What Do We Know About Nutrition?

What Do We Know About Nutrition?

REPRISE This section of The Journal brings to the attention of our readers vie w po in ts expressed in other publications. The o p inio ns expressed o...

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REPRISE This section of The Journal brings to the attention of our readers vie w po in ts expressed in other publications. The o p inio ns expressed or im p lie d do not necessarily reflect the o p in io n or official policies or position of the A m erican Dental Association. Reader response to the topic is invited.

What do we know about nutrition? Bernard P. Tillis, DDS

D octors don’t know anything about nutrition!” is the recent provocation perpetrated by certain dietary sorcer­ ers who have gained so much mislead­ ing attention in the sensation-seeking media. Exploiting half-truths and in­ sufficiently investigated findings, they d iss e m in ate th e ir p s e u d o ­ scientific dogma by means of fearfully efficient communication devices the civilization has developed. Such self­ ordained apostles of nutrition have tended to becloud the fundamentals of nutritional science by spreading spe­ cialized, even mystic rites for human ingestion. Capitalizing on the sad truth that the m alnutrition and its sequelae stemming from disbalanced dietary overabundance has focused at­ tention on the need for weight reduc­ tion, purveyors of nutritional gim ­ mickry have offered a confusing, often contradictory variety of dietary distor­ tions. “Experts” have touted the effi­ cacy of high protein, or high carbohy­ drate, or mega-vitamin, or total fruit diets in a succession of ostentatious campaigns attracting millions of con­ fused and confusing adherents who with evangelical zest attest to the val­ idity of a particular regimen. In the light of the rampant contradic­ tions and the exploitation of unre­ solved scientific investigation, public bewilderment is inevitable. In addi­ tion, no small part of the widespread confusion can be placed at the door of recent research opinions, pro and con, on the intake of saturated fats and cholesterol and the relation of sodium and / or sugar to heart disease, as well as the limited information on the rol of trace elements. Add to these prob­ lems the fact that investigators have still to clarify the role of additives, of

enzymes, of the vitamin-hormone rela­ tionships, plus the fact that, to quote a scientific adage, “ scientific ‘truth’ can change with the morning’s m ail,” and it becomes clear that the role of the doctor in advising a patient is by no means a simple one. Under such cir­ cumstances, the public confusion, no doubt often shared by the professions, and the susceptibility to various illfounded forms of nutritional hype are perhaps understandable. It may not be inappropriate at this point to indicate that doctors of den­ tistry, early on, manifested an inten­ sive interest in nutrition as it deter­ mined the patient’s oral well-being as well as his or her general health. It was investigating dentists who demon­ strated that the in tr o d u c tio n of “ civ ilize d ” foods into the diet of “primitive” people resulted in oral disease and in general health deterio­ ration. In the treatment of periodontal disorders, dentists have for decades, long before current vogue gave the practice a certain chic, stressed the need for dietary analysis and nutri­ tional understanding as a means of en­ suring oral health and the general health to which it is related. It may be true that due to their striv­ ings with exacting restorative proce­ dures, and because their nutritional and other preventive counseling often has encountered patient apathy, even resistance, dental practitioners have been less than sufficiently emphatic in these educational endeavors. Today, dentists who have become conscious of the rapidly changing vista of dental practice are beginning to adopt coun­ seling procedures. Witness the in ­ creasing number of continuing educa­ tion courses replete with opportuni­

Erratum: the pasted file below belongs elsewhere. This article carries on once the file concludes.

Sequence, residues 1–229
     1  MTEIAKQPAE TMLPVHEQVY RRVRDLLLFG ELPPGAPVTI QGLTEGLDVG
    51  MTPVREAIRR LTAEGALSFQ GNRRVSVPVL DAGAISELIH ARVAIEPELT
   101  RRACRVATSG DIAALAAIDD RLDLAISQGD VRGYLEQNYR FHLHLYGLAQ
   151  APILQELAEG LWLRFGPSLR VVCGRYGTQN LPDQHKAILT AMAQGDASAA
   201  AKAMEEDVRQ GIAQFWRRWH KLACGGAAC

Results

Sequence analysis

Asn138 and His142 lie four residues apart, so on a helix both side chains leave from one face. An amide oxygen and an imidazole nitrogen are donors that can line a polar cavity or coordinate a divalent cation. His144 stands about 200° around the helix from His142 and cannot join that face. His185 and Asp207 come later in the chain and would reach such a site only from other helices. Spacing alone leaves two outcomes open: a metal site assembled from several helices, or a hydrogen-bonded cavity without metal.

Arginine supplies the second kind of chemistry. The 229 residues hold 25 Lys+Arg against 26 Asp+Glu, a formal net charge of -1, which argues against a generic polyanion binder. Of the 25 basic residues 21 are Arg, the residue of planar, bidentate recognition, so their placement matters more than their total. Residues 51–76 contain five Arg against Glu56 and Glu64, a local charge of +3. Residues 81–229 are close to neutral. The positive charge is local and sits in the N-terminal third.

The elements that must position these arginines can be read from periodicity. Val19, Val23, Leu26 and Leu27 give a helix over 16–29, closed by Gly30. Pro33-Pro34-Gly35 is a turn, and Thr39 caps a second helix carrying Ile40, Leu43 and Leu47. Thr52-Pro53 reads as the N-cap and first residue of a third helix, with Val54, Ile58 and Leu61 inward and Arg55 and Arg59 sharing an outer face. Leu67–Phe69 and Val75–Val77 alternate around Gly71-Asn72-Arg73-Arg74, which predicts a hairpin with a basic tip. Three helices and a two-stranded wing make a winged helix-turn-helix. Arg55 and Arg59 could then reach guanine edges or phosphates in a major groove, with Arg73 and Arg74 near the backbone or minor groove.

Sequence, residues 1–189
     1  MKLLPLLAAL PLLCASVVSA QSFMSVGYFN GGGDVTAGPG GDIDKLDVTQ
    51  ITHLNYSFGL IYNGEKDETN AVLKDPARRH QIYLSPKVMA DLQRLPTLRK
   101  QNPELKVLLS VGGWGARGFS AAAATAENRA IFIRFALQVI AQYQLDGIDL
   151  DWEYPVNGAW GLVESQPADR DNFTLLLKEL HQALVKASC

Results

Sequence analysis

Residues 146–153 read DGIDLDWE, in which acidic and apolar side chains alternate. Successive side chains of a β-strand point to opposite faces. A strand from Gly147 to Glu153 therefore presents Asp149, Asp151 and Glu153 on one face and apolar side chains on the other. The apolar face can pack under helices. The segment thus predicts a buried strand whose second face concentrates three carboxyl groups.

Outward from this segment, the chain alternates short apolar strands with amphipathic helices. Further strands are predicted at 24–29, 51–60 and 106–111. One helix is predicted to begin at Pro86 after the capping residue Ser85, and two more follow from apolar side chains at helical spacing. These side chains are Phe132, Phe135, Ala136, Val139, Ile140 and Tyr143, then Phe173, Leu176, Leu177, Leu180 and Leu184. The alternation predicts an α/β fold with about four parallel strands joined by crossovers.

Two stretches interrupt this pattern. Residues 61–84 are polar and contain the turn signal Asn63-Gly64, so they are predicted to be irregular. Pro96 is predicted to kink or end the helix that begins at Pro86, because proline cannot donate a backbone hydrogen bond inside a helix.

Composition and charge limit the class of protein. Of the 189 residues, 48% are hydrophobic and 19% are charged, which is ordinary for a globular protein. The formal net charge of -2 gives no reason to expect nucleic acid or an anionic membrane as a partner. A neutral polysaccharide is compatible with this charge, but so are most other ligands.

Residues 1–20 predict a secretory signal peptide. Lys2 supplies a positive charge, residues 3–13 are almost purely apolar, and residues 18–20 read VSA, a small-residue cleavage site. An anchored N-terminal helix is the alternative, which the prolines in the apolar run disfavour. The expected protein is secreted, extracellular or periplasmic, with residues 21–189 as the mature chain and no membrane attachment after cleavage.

ties whereby a dentist may equip him ­ self with suitable nutritional lore. The posture that the dentist assumes as he undertakes his duties as nutri­ tional counselor, as educator, in the highly charged dietary atmosphere, therefore, takes on additional impor­ tance. The avoidance of ill-founded gimmickry in the face of widespread exploitation is crucial. Time-tested dietary regimens calling for wellbalanced, calorie-controlled meals are still, and apt to be continually, valid. The m odification of deleterious dietary habits is a difficult recom­ mendation for patients to achieve, yet is undoubtedly a paramount ingre­ dient of proper nutrition. The altera­ tion of social and psychological pat­ terns that such advice entails is, in most cases, so difficult that it repre­ sents the prime reason for the failure of many dietary disciplines. The process by which a dentist de­ lineates the nutritional information he conveys to patients, therefore, cannot be simple. He or she needs to cull out the well-founded materials developed according to the scientific method upon w hich his training has been based. Healthy skepticism and in ­ formed selectivity, fundamental to the practice of a profession based on sci­ ence, may not be relaxed if the high standards the public deserves are to be m ain tain e d . U nder such c irc u m ­ stances, the provocative barbs directed at the conscientious doctor may surely prove to be unsubstantiated canards. This article is reprinted w ith perm ission from N Y State Dent J 47(8):431, 1981.

JADA, Vol. 103, December 1981 ■ 995